Cash-rich investors choose crazy Treasury returns: Why does money keep flooding into the short-term Treasuries market…?. There are plenty of explanations around…. [T]here is another factor investors should watch: what companies and asset managers are doing with their spare “cash”…. Zoltan Pozsar…. The issue at stake revolves around the “cash” which companies, asset managers and securities lenders (such as custodial banks) hold on their balance sheets. Two decades ago, these cash pools were modest, totalling just $100bn across the globe…. But in recent years, these pools have exploded in size, as the asset management sector has consolidated and companies have centralised their treasury functions. Institutional cash managers now control between $2,000bn and $4,000bn globally….
That is startling. But what is more striking is where this “cash” has ended up. Two decades ago, it typically was placed in bank accounts. But in recent years, cash managers have started to avoid banks: in 2007, for example, just 16-20 per cent of these funds were on deposit. Why? Pozsar thinks the key factor was risk management…. [T]hey have hunted for alternatives that seemed liquid and safer than uninsured bank accounts, such as repurchase deals (backed by collateral), money market funds (often implicitly backed by banks), or highly rated short term securities (such as triple A rated asset backed commercial paper or mortgage bonds.) Pozsar argues that this has created a big distortion in the monetary aggregates….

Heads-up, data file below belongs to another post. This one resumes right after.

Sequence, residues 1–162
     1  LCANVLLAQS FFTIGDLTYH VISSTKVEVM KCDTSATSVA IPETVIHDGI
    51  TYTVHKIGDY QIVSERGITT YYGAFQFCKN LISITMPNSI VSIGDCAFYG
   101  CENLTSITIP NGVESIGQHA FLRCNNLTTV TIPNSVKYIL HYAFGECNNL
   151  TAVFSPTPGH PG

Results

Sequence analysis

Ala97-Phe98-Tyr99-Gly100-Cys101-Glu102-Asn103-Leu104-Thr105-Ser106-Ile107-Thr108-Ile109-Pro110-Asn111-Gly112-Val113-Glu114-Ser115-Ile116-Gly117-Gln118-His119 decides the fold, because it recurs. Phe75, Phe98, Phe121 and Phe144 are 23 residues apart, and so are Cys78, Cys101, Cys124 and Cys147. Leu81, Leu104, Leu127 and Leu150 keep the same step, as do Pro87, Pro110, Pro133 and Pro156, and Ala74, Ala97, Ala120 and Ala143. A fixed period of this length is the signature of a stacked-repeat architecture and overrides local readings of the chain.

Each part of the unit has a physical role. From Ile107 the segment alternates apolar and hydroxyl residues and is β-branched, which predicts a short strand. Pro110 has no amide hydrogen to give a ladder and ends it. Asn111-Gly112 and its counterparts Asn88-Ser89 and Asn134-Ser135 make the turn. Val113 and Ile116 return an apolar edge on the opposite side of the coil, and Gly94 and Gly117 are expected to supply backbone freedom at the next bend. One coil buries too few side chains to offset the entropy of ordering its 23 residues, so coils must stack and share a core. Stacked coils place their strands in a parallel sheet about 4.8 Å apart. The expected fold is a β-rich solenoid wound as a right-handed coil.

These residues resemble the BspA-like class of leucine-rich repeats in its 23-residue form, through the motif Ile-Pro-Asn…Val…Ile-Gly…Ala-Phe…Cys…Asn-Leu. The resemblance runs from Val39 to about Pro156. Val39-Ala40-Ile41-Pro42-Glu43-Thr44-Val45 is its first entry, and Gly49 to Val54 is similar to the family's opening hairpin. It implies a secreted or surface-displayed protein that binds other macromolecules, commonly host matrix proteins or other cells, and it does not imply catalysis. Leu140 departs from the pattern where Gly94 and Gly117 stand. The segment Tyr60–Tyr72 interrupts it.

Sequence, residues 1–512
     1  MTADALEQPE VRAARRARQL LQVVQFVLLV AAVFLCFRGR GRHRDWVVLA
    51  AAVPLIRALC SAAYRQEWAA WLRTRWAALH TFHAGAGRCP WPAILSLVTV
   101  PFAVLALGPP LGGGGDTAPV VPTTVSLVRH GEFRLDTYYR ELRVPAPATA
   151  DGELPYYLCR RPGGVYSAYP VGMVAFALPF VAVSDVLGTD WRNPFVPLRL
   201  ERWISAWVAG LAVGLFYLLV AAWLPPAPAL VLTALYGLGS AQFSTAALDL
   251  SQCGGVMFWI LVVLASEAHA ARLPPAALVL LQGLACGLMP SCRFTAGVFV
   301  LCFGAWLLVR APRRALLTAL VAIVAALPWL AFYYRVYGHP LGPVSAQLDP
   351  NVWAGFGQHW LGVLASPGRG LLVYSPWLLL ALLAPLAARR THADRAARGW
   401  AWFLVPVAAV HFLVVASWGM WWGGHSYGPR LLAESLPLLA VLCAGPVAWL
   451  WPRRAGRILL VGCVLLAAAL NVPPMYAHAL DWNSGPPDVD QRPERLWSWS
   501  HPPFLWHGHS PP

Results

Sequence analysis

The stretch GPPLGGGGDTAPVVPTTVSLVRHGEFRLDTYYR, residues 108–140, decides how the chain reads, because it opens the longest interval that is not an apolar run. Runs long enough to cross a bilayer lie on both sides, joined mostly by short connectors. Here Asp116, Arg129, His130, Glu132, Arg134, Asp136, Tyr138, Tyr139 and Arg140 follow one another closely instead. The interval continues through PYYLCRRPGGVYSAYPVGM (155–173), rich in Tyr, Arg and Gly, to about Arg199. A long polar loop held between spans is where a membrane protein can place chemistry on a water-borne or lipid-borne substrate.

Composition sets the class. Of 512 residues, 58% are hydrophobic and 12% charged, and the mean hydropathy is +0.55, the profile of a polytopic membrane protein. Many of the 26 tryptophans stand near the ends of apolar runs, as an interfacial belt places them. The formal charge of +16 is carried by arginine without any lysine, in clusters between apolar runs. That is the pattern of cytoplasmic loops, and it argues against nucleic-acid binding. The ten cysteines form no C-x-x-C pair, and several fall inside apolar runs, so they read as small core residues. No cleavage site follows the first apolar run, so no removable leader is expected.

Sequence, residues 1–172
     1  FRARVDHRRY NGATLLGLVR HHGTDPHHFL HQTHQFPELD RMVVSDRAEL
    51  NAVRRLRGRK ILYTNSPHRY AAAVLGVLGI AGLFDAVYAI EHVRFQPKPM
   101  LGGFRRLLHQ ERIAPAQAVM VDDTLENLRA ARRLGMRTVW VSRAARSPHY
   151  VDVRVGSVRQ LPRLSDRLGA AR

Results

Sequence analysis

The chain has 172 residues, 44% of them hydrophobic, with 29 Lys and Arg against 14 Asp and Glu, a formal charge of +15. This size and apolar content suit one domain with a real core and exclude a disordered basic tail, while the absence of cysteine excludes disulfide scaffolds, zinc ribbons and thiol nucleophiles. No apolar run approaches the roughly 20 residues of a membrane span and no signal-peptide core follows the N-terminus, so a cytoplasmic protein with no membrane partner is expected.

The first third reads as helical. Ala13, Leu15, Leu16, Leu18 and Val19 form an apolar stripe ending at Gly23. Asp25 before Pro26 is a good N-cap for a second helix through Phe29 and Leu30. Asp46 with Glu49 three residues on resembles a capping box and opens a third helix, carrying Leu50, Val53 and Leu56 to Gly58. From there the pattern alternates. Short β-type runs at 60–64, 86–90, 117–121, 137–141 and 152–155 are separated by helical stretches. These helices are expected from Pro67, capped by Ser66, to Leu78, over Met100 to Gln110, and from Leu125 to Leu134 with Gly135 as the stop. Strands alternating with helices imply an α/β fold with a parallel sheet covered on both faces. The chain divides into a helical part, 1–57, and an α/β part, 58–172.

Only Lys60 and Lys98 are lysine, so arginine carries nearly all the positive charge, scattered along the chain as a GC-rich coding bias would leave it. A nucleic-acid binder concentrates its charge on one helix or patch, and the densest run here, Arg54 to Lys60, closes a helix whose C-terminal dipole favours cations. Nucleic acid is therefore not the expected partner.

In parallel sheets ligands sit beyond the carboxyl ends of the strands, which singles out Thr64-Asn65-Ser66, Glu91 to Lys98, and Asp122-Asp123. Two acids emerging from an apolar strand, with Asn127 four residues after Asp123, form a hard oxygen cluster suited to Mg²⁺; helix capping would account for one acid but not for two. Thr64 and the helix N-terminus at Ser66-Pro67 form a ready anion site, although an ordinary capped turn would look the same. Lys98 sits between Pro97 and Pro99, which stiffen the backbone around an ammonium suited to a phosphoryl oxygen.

Since 2008, large parts of the shadow banking world have all but collapsed. Thus cash managers are now frantically searching for new places to put their “cash”. Some has flooded into money market funds (which buy government bonds) or the repo world (often backed by bonds); some money has entered the T-bill market directly. Either way, the net result is a shortage of T-bills, particularly since banks and clearing houses are also gobbling up T-bills for regulatory purposes. Hence the low yields. From an investment perspective, these returns may seem crazy; but they are still attractive to cash managers because T-bills are liquid – and, most crucially, seem less risky than uninsured bank deposits…